HBO Boxing Insiders' 2016 Year-End Picks: Fight of the Year

Photo: Will Hart

With the end of the year approaching and Boxing's Best airing, HBO Boxing Insiders take a look back at the fights that aired on HBO and HBO PPV in 2016. Here, they make their selections for HBO Fight of the Year.

More: Fighter of the Year | Round of the Year | KO of the Year | Best Blow | Best Corner | Breakthrough Fighter | Favorite Moments

Eric Raskin: Francisco Vargas vs. Orlando Salido

Their names don’t resonate quite like Gatti, Ward, Barrera or Morales—not yet anyway—but Vargas and Salido are building résumés as two of the premier action-oriented warriors of this generation. And together, they enhanced the hell out of those résumés at the StubHub Center on June 4. The two warriors slugged it out round after round, throwing nearly 1,600 power punches combined. And what particularly stood out about the battle was the way momentum built from one round to the next. In the end, it was ruled a draw, which in theory should have been anticlimactic. But Vargas and Salido provided an exception to the kissing-your-sister rule, as it felt fitting to see neither man declared the loser after the 12 rounds they shared.

Kieran Mulvaney: Vargas vs. Salido

Chocolatito Gonzalez and Carlos Cuadras ended up running them close, but Francisco Vargas and Orlando Salido reign supreme. This was an extraordinary display of strength and skill, two men who refused to be beaten by their opponent, each of whom sought to deploy a different style to impose himself on the other. The announcement of a draw normally brings boos raining down from the crowd, but this was one occasion when being even felt right.

Diego Morilla: Vargas vs. Salido

Another year, another fight in which Francisco Vargas is involved in a brawl for the ages. And this time it was against no less than Orlando Salido, the ultimate overachiever in boxing -- a guy who always digs deep and rises to the occasion in spite of all odds. I am not sure whether they went to the same school in Mexico, although it is clear that they both skipped class on the day when words like “speculation” and “caution” were taught. But after throwing a combined total of almost 1,600 punches during a physically punishing battle that very few other fighters would have survived on their feet, the least they should get is my modest vote in this category.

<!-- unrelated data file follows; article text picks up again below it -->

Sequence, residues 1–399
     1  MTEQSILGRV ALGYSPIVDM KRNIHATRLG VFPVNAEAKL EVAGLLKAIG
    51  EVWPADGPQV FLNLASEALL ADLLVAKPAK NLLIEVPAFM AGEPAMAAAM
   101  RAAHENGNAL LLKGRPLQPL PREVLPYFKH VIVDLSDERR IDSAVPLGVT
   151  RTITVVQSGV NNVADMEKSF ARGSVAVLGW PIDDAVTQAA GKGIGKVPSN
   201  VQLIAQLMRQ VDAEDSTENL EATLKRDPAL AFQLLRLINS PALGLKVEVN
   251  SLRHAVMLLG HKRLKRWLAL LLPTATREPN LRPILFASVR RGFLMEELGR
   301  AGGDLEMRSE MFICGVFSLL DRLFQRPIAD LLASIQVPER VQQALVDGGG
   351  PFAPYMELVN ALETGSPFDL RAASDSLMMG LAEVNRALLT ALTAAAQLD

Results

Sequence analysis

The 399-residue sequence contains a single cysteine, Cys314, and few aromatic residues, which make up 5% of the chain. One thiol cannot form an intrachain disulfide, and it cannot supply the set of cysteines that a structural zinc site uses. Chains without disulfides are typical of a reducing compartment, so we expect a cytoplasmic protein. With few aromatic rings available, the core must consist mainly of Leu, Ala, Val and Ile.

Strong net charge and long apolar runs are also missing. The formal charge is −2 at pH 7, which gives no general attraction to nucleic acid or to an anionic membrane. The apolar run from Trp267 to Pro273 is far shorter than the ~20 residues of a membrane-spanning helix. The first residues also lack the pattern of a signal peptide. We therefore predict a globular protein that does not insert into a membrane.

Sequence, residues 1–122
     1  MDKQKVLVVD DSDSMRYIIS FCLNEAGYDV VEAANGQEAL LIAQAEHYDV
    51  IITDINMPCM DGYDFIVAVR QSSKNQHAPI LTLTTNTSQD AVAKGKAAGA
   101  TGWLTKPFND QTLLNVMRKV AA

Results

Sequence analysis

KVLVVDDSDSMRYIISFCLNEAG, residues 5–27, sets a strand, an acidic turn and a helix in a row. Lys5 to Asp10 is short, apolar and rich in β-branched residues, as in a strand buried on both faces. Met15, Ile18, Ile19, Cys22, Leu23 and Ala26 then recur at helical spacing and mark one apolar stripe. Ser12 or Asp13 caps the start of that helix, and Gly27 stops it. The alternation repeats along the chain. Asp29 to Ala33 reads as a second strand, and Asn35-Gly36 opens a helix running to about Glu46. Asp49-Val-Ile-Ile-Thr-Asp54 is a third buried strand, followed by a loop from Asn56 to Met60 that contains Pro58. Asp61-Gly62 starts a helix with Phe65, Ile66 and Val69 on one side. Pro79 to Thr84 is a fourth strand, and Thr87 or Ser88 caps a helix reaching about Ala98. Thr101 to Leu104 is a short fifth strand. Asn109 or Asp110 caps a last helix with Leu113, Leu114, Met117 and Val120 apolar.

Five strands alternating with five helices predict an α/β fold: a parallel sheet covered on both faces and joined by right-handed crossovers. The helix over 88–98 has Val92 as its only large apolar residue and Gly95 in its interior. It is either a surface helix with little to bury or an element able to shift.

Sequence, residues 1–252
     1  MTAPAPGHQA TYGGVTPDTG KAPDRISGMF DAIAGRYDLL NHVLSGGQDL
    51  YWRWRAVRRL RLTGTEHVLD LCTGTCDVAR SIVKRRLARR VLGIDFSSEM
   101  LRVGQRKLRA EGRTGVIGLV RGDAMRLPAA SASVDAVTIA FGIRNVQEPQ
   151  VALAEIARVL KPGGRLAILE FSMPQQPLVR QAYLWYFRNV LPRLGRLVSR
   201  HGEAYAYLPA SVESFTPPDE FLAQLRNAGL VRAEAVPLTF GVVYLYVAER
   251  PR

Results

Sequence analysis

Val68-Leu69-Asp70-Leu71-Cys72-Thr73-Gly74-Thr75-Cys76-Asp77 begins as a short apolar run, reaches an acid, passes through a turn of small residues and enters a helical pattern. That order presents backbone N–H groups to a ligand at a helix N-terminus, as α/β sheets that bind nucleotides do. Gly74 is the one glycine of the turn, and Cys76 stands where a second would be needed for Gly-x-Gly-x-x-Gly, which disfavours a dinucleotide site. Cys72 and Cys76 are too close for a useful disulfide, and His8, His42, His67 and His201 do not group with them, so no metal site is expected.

Nat Gottlieb: Gennady Golovkin vs. Kell Brook

When unbeaten middleweight champ Golovkin chose Brook as his next opponent, some questioned his choice. After all, while Brook was a reigning welterweight champion, the Brit would be jumping up two weight classes. But Brook made it a tremendously exciting fight for as long as he could. In the fifth round, with Brook being battered by Golovkin, the Brit’s corner threw in the towel. Turns out Brook had suffered a fractured eye socket.

Oliver Goldstein: Vargas vs. Salido

Though I wanted to give this to Roman “Chocolatito” Gonzalez’s fight with Carlos Cuadras, which I thought was an immensely skillful exhibition of grace and style, it’s impossible to look past Salido’s 12 rounds trading hell for leather and leather for hell with Vargas back in June. No one likes a draw, which is what this ended up (even the most equal and brutal fights never feels equitably served by scorecard parity), and yet no one really cared: Salido proved himself again one of the great gunslingers in the game, and Vargas showed that his 2015 war with Takashi Miura was no anomaly. This had blood, a couple thousand punches, innumerable momentum shifts and enough violence for a lifetime. Hopefully they’ll do it again. 

Hamilton Nolan: Canelo Alvarez vs. Amir Khan

An odd choice, I know, since Canelo wiped him off the face of the earth in the sixth round. But up until then, Khan boxed well. This was a case in which one fighter (Khan) went up in weight as an ill-advised way to secure a big money fight, but then put his speed to use against the bigger, stronger and more dangerous man -- enough to make it interesting. Had Khan been able to avoid trading with Canelo for 12 rounds, he could have won this fight, based on movement and hand speed. If the two men fought this fight 100 times, Khan might take 10 or 20, which is enough to give hope to the sweet science advocates.